There were many more outrageous lies during his campaign, but let’s move on to after the election.

Just after the inauguration, Reuters posted side-by-side photographs of the crowd which attended Trump’s inauguration, taken from exactly the same vantage point at approximately the same time of day (within about a half hour of each other):

Image credit: Reuters

The photo on the left is from Trump’s inauguration in 2017, while the one on the right is from Obama’s inauguration in 2009. This split image originated from Reuters and both were taken by their photographers, but it also got circulated through CNN and most of the usual mainstream news outlets on the day of the inauguration.

Trump was furious when he saw these photos, and worried that it made him look bad to his supporters. So he instructed his press secretary, Sean Spicer, to hold a press conference about it, the first of his administration, where Spicer announced that the media was out to get Trump and that this wouldn’t be tolerated by his administration. In direct contradiction with the easily verifiable facts on this, he very forcefully made the outrageous counter-claim that:

“This was the largest audience to ever witness an inauguration, period. Both in person and around the globe.” — Sean Spicer, 2017

Spicer continued after that, providing a set of entirely false claims about the inauguration, aimed at backing up Trump’s fantasy that the media had misrepresented the crowd size. He complained that 2017 was the first year that they had used floor coverings, which may have had the effect of “highlighting where people were not standing”. This was false, the same floor coverings were used in Obama’s 2013 inauguration. He claimed that it was also the first time magnetometers were used, which may have made it more difficult for the crowd to congregate, but this was a lie also — there were no magnetometers used, and no reported problems with the crowd congregating. He also claimed that 420,000 people used the DC metro on Trump’s inauguration day, but only 317,000 did for Obama in 2013. These were completely and intentionally phony numbers, based on comparing different times of the day to each other; the real numbers were 570,000 for Trump and 782,000 for Obama. And the photos in question were from Obama’s even bigger inauguration of 2009 anyway, not 2013. (For 2009, DC metro ridership was 1.1-million.)

At the press conference, Spicer estimated the crowd size to be around 720,000. The photos and the fact-checkers show significantly less, but even if he were right about that number, Obama’s 2009 inauguration was around 1.8-million so they were just nowhere near in the same ballpark. (And Obama’s 2013 inauguration was around 1-million.) Politifact rated his statement about Trump’s crowd size as pants on fire, a totally outrageous lie.

Even more disturbing than the fact that Trump sent his press secretary to lie about something so easily fact-checkable was that he supposedly did it to set the record straight on what he claimed was the media spreading false information about him, when they were just doing their job. Trump felt like he was being mocked, and needed to take control of the narrative somehow.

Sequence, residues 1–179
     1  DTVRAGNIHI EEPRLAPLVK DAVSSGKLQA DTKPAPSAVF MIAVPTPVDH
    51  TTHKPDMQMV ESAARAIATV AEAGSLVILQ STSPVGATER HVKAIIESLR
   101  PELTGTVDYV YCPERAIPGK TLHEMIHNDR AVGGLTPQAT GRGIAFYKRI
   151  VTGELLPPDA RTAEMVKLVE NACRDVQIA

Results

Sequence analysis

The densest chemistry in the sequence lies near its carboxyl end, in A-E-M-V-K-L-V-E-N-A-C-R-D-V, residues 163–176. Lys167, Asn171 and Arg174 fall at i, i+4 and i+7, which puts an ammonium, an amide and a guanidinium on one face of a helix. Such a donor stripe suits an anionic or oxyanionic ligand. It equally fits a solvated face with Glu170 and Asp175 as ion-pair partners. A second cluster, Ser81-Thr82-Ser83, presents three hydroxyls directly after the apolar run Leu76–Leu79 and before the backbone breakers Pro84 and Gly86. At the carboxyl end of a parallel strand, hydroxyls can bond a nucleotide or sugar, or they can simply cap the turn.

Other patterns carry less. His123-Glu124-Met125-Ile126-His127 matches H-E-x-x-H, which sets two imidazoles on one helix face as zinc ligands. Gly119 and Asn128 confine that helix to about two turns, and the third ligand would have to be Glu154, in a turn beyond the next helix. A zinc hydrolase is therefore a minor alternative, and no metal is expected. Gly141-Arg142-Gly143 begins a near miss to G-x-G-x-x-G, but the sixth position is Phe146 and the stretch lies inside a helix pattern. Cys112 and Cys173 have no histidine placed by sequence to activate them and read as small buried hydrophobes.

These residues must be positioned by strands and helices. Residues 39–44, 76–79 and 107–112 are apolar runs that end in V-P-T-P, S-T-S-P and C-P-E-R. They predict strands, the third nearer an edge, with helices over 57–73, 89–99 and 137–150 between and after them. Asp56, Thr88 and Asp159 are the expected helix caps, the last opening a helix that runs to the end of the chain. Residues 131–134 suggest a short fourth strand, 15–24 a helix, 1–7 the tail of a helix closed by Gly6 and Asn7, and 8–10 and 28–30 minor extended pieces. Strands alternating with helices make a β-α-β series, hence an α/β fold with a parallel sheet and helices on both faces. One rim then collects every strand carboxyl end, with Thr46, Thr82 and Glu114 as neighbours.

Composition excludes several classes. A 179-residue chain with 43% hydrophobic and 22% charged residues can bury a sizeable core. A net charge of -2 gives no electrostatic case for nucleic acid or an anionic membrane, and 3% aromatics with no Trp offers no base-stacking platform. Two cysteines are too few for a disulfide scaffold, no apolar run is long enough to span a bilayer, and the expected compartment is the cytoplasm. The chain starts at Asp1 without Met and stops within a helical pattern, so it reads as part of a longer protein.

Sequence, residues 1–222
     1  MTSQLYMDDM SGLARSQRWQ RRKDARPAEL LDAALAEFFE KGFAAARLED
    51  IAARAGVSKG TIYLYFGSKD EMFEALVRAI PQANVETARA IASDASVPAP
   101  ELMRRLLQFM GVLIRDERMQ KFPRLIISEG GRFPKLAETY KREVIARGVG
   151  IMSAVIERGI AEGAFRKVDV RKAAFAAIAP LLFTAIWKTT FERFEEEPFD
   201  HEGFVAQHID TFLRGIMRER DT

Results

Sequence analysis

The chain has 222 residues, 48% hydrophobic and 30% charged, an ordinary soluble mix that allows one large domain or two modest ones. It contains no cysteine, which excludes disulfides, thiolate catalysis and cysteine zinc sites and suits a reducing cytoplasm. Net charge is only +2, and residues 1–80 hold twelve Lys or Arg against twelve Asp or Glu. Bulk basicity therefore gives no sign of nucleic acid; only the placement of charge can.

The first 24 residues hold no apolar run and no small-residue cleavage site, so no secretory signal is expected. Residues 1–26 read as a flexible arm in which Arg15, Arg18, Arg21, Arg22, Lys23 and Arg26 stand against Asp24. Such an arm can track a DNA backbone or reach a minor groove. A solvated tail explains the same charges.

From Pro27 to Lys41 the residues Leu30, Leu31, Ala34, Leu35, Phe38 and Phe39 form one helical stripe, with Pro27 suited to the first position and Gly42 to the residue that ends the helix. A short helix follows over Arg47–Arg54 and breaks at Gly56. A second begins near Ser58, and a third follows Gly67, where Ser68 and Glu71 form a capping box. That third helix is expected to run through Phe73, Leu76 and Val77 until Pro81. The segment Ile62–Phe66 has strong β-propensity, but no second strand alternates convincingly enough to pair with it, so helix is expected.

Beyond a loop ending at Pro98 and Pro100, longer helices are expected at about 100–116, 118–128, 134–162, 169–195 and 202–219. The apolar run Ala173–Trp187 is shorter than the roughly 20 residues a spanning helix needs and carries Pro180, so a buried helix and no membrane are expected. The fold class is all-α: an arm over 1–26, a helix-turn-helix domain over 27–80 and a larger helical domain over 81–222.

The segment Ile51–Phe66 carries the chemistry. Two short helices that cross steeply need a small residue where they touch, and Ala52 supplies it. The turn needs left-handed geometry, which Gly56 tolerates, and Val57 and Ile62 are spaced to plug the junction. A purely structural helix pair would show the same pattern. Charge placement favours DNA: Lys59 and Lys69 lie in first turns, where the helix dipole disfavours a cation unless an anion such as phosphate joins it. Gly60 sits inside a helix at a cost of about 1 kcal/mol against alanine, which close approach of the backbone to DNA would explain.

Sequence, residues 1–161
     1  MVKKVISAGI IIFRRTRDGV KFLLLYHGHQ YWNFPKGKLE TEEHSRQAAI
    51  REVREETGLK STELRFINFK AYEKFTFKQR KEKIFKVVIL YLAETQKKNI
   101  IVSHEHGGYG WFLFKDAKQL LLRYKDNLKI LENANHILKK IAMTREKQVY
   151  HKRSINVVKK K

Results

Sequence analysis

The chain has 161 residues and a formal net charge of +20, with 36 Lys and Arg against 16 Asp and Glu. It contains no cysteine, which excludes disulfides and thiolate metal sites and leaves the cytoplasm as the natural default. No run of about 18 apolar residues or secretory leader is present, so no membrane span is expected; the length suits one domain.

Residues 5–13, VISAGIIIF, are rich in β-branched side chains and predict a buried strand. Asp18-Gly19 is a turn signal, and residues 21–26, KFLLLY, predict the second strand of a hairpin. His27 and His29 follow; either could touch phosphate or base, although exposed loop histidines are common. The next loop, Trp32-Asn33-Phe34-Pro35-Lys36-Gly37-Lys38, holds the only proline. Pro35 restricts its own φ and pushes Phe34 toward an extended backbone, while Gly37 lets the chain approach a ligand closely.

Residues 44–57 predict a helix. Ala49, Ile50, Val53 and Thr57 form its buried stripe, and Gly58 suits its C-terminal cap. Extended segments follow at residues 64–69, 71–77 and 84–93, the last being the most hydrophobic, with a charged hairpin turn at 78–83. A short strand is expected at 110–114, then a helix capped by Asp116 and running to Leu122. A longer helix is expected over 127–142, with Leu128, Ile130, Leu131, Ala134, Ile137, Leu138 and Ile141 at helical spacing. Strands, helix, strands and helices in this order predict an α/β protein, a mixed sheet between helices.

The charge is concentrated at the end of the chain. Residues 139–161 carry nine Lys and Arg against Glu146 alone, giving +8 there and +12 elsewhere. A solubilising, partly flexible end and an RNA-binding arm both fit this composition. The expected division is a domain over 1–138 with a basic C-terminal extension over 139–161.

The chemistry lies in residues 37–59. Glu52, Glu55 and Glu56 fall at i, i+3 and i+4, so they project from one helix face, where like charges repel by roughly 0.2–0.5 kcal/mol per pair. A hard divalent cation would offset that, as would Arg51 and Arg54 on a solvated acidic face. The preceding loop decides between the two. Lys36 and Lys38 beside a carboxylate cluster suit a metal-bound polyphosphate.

When Trump’s senior advisor Kellyanne Conway was asked on Meet the Press why Trump sent Sean Spicer out to the press to lie about something so petty as crowd size, she said “Don’t be so dramatic about it. He just gave alternative facts to that”. To which the host replied “Look, alternative facts are not facts. They’re falsehoods.”

This kind of 1984-style intimidation of the media, always insisting that 2+2=5 even when everyone knows it’s a lie, has continued unabated as we get further into his Presidency. I’ve never seen anything like this before in American politics.

Trump has claimed repeatedly that the 2016 election was rigged, both before and after he won. Afterwards, he keeps saying that 3-million “illegal votes” were cast in the election. He won’t admit it, but it’s obvious where he got this number from: Hillary beat Trump in the popular vote by nearly exactly 3-million votes, the largest margin of any loser of a Presidential race. That these 3-million votes were illegal has been dismissed as complete nonsense by every mainstream media outlet and fact-checker. Jake Trapper of CNN pointed out that if it were really true, then Trump should be launching an investigation to see how there could have been such a vast conspiracy among poll workers all across the nation to allow so many illegal votes to be cast. After pressure from him and other journalists who keep mocking the absurdity of this claim, he has agreed to launch an investigation into it, putting Mike Pence in charge of it. I expect it to be about as successful as the investigation he launched into Obama’s birth certificate years ago. There is speculation that the reason Trump came up with this in the first place is to trick the media into defending the legitimacy of his Presidency, instead of attacking it. (Since prior to this the focus was on the FBI’s and CIA’s conclusions that Putin directly ordered Russian intelligence to hack the DNC specifically to help Trump in the election; and that several key members of Trump’s campaign had direct communications with Russian officials during the race.)